Stent Placement in Acute Cerebral Artery Occlusion
To the Editor:
We read with great interest the article by Brekenfeld et al.1 The authors treated 12 patients with self-expandable intracranial stents (Wingspan) as a rescue procedure for acute cerebral artery occlusion. They showed that stent placement was feasible in all procedures and resulted in partial or complete recanalization (TIMI 2/3) in 92%. No vessel perforations, subarachnoid, or symptomatic intracerebral hemorrhages were reported. At 3 months follow-up, 3 patients (25%) had a good outcome, 3 (25%) had a moderate outcome, and 6 (50%) had a poor outcome. Mortality was 33.3%. The study’s results are consistent with another study by Zaidat et al2 in the journal. Among the options of multimodal reperfusion therapy being evaluated, stent placement seems to have the highest recanalization rate. However, there was a mismatch between high recanalization rate and poor clinical outcome in both studies. This fact implied that an open vessel could not always be a good thing. As the authors pointed out, poor clinical outcome might be explained by the long time from symptom onset to recanalization. The goal of acute revascularization should not be just to open occluded vessels, but to open them quickly.3 The possibility of stenting as first line endovascular therapy rather than a rescue procedure might be explored for shortening the time to recanalization.4
Similar to the development of percutaneous cardiovascular intervention, neuroendovascular physicians began with intra-arterial thrombolysis, experimented with mechanical clot disruption and thrombectomy, and are now interested in intracranial angioplasty and stenting for acute cerebral artery occlusion. However, there is significant difference of underlying pathophysiology responsible for vessel occlusions between cerebral and coronary vasculature; it should be prudent for neuroendovascular physicians to follow up what interventional cardiologists have done.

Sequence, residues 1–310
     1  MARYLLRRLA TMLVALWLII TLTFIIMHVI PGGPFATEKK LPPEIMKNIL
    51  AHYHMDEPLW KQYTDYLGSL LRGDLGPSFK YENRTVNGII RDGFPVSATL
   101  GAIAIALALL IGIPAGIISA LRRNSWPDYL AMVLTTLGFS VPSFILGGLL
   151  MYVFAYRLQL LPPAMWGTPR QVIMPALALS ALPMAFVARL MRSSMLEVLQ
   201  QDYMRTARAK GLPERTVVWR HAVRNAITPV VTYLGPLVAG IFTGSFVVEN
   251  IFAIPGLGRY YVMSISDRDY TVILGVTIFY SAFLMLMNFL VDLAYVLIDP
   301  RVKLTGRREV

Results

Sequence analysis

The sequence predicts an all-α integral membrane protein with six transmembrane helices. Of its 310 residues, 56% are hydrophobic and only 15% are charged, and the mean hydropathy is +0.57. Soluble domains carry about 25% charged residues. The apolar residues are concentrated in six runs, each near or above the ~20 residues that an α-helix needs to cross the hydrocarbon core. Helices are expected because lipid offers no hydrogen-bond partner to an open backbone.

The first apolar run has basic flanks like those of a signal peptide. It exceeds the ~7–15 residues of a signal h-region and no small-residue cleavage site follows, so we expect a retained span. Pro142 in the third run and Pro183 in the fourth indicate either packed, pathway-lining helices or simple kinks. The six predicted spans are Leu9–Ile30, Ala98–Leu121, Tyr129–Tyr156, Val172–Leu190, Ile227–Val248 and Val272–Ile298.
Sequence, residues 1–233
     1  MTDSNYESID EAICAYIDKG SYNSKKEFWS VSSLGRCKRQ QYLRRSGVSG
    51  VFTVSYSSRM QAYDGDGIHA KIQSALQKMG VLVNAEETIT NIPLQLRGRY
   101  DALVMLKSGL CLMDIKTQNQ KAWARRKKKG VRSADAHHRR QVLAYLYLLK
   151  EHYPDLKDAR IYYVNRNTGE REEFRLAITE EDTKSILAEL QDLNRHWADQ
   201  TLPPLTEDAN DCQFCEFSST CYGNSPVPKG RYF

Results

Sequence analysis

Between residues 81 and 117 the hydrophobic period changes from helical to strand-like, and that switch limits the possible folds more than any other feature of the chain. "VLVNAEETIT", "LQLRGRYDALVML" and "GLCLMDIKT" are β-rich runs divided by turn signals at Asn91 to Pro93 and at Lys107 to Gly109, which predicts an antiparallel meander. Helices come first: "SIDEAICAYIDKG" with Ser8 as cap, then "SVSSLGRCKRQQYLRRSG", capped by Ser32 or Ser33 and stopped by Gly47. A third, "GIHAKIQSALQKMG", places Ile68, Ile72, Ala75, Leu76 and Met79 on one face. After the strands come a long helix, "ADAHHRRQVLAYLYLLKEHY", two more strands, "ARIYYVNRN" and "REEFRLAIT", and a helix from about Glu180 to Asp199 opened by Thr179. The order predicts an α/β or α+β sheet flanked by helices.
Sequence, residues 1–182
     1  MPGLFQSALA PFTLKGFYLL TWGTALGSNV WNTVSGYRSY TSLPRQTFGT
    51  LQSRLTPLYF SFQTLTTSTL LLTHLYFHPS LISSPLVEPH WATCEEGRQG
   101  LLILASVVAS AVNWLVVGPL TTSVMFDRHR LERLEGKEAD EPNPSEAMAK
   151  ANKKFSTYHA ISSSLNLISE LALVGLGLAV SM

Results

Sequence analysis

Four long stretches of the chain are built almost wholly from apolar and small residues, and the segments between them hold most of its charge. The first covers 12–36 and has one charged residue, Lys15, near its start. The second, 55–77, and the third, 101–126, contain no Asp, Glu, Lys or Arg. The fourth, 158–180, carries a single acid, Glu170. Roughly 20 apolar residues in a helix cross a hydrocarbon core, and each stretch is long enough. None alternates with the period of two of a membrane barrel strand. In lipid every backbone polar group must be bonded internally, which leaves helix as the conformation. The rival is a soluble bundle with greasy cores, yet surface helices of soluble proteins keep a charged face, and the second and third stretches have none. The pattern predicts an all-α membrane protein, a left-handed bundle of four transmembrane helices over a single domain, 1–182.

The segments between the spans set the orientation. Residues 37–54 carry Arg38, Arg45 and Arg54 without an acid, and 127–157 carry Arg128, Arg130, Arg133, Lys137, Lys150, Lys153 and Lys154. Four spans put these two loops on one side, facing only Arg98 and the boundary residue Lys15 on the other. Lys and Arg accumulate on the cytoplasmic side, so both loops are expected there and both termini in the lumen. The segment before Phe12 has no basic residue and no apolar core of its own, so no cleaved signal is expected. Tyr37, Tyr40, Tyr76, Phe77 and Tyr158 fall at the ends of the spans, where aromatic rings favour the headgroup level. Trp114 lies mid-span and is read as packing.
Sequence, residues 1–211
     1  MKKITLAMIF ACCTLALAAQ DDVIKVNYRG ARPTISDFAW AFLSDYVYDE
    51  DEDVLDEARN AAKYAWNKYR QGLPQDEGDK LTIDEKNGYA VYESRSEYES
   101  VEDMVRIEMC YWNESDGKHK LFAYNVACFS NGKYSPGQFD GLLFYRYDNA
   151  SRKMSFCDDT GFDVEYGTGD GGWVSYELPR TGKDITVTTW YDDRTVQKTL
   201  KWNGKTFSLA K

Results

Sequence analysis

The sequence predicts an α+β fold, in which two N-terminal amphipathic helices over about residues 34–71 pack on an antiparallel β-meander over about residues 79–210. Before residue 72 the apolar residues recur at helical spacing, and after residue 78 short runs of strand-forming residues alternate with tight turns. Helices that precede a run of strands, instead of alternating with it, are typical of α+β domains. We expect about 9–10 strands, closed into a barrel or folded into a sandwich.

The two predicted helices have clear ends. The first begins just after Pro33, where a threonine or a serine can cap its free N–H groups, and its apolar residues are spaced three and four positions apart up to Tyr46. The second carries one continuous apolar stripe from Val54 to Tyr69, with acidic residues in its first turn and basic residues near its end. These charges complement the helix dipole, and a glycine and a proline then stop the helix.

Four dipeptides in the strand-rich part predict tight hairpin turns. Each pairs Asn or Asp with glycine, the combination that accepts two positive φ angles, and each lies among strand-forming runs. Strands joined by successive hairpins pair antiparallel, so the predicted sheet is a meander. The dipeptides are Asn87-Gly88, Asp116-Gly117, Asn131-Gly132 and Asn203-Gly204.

We consider that the authors of this article1 need to be more specific with regard to the etiology of intracranial occlusion. Stroke attributable to cardioembolism may have higher risk of early hemorrhagic transformation. Furthermore, antithrombotic therapy after stent placement will complicate the setting in which anticoagulation is necessary such as mechanical heart valve replacement. Such patients may be unsuitable for permanent stent placement. Stroke attributable to intracranial atherosclerosis is prevalent in Asian countries. In Chinese populations, intracranial atherosclerosis is estimated to account for 33% to 50% of stroke and >50% of transient ischemic attacks, in Thailand 47% of stroke, in Korea about 28% to 60% of stroke, and in Singapore about 48% of stroke.5 It is difficult to recanalize an occluded vessel with a thrombolytic agent alone in patients with atherothrombotic intracranial large-vessel occlusion. Another disadvantage of thrombolytic therapy is the risk of reocclusion in such patients. We think that stenting is indicated in certain patients with stroke attributable to intracranial atherosclerosis.
It is remarkable that Brekenfeld et al1 observed no hemorrhagic complications in their cases. One possible explanation is that their perioperative antithrombotic therapy protocol was significantly different for others, although publication bias might have occurred.
We agree with the conclusion of Brekenfeld et al1 that controlled randomized trials to prove its safety and efficacy in a larger number of patients are needed.
Brekenfeld C, Schroth G, Mattle HP, Do DD, Remonda L, Mordasini P, Arnold M, Nedeltchev K, Meier N, Gralla J. Stent placement in acute cerebral artery occlusion: use of a self-expandable intracranial stent for acute stroke treatment. Stroke. 2009; 40: 847–852.
Zaidat OO, Wolfe T, Hussain SI, Lynch JR, Gupta R, Delap J, Torbey MT, Fitzsimmons BF. Interventional acute ischemic stroke therapy with intracranial self-expanding stent. Stroke. 2008; 39: 2392–2395.
Khatri P, Wechsler LR, Broderick JP. Intracranial hemorrhage associated with revascularization therapies. Stroke. 2007; 38: 431–440.
Sugiura S, Iwaisako K, Toyota S, Takimoto H. Simultaneous treatment with intravenous recombinant tissue plasminogen activator and endovascular therapy for acute ischemic stroke within 3 hours of onset. AJNR Am J Neuroradiol. 2008; 29: 1061–1066.
Gorelick P, Han J, Huang Y, Wong KL. Epidemiology. In: Kim JS, Caplan LR, Wong KSL, eds. Intracranial Atherosclerosis. Chichester, West Sussex, UK: Blackwell Publishing Ltd; 2008: 33–44.